The rise of the dollar in 2003 (foreseen at the end of 2002) affected the company, which bought components abroad. It was necessary to look for a way out, which turned out to be the sale of the products to retail, says Hélio. “It was the great growth of the company, which sold 370,000 computers in a year. We turned crises into opportunities and we saw the alternatives.”
Another good time for the company came with the ‘Computers for All’ program. In 2006, the company opened its capital and entered into the Differentiated Corporate Governance (IGC) and Differentiated Tag Along (ITAG) Indexes. It had a net revenue of BRL 1.160 billion and market share of 11.8%. In 2007, it sold 1,389 million PCs and became a leader in the domestic market. In 2008, it had a record turnover of BRL 2.3 billion.
The process of internationalization of the brand began in 2012 with BGH in Argentina and Uruguay. At the end of the same year, Positivo entered the cellphone market; in 2014, it started manufacturing tablets and computers in Rwanda; in 2015, it launched the Quantum smartphone brand and was licensed to produce and sell Vaio notebooks in Brazil; in 2016, it acquired 50% of Hi Technologies, of health equipment, and was no longer exclusively a computer company.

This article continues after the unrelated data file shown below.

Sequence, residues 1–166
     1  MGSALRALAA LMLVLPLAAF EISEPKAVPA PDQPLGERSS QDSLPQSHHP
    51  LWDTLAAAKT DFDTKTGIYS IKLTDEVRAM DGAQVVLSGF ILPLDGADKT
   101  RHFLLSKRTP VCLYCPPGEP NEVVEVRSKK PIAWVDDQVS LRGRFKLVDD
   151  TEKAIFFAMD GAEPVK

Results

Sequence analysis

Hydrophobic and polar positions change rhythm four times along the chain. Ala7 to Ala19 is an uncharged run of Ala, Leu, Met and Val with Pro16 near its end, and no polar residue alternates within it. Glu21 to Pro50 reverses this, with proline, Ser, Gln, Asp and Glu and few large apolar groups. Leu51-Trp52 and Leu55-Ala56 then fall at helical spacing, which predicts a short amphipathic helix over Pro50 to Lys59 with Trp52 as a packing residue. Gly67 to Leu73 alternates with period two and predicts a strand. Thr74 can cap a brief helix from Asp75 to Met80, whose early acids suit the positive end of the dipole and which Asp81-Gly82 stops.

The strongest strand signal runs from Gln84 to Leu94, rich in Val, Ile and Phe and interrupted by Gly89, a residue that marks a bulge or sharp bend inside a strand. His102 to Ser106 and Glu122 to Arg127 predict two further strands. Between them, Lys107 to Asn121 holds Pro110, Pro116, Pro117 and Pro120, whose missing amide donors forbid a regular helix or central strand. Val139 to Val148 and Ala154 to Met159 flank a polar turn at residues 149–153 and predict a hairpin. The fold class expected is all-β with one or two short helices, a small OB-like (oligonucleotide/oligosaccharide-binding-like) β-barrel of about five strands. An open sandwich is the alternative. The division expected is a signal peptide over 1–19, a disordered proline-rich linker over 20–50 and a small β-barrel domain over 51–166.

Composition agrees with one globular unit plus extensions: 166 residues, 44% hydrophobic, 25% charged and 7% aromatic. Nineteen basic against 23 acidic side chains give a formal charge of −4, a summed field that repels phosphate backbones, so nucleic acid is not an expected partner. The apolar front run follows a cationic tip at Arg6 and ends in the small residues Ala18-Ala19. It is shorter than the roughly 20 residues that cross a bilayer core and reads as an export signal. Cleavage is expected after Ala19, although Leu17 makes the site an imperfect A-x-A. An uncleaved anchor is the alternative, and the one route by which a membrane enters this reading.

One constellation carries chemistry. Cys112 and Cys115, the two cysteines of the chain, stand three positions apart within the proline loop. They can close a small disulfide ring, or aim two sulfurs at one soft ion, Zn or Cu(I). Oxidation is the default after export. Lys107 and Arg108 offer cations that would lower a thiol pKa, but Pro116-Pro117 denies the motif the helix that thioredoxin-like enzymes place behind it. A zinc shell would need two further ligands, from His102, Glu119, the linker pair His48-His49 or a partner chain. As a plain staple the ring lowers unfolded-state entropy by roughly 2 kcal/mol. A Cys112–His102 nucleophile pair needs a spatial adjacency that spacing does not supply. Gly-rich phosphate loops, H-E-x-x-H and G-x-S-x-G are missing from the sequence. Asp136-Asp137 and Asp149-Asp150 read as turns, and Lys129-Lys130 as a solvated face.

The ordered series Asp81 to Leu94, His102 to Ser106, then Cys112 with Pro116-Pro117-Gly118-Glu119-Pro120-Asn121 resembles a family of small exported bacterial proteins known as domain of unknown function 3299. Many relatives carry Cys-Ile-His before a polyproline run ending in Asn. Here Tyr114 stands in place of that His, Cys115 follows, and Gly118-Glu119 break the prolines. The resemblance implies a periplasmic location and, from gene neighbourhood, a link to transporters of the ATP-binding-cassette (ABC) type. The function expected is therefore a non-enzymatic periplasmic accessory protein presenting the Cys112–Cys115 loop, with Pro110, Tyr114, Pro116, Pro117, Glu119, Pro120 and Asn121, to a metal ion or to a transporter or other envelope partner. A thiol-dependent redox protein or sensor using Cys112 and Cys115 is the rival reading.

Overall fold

Precisely for this reason, in 2017, it changed its name to Positivo Tecnologia, reflecting the diversification of its businesses. It expanded its scope and opened up a factory, Boreo Indústria de Componentes, in Manaus, to produce motherboards. A year later, it began selling Anker products, launched the brand of gamers 2 A.M in Brazil, opened the Quantum operation in Argentina and Chile and acquired 80% of Accept, a server manufacturer. Its international operations usually occur through local partners for manufacturing and/or distribution. Exports from Brazil account for less than 1% of the company’s revenue.
In 2019, it has partnered with MindCET, an Israeli incubator of edtechs, to accelerate startups in the Amazon. It has also partnered with the government and the Amazon Court of Justice to bring educational technology to null or low connectivity environments in the state, such as riverside schools and the prison system. “The big motto is the internet of things (IoT), our challenge is to understand how it enters the lives of people and companies. With artificial intelligence, there will be less digitization and more speech”, says Hélio.
Keeping up with technology and keeping Positivo alive, active, and updated in the coming decades are some of the CEO’s yearnings, and he is not afraid of change. “They are part of a company that was born changing and investing in research and development. In the last 30 years, it was more than BRL 490 million.” Optimistic and hopeful about Brazil, he points out that it is a great country.” It has an internal market like few others, but it needs to grow again.”
Positivo in numbers
- 30 million equipment units sold since its foundation.
- Over 22,000 points of sale in Brazil and Argentina.
- One out of six computers sold in Brazil is from the Positivo brand.
- Education solutions in over 14,000 schools and exported to over 40 countries.
- Innovation investment of over BRL 490 million in the past 30 years.
- Revenue of over BRL 1.951 billion in 2018.
- 2,000 employees.
Fonte: Revista Eletrolar News ed. 130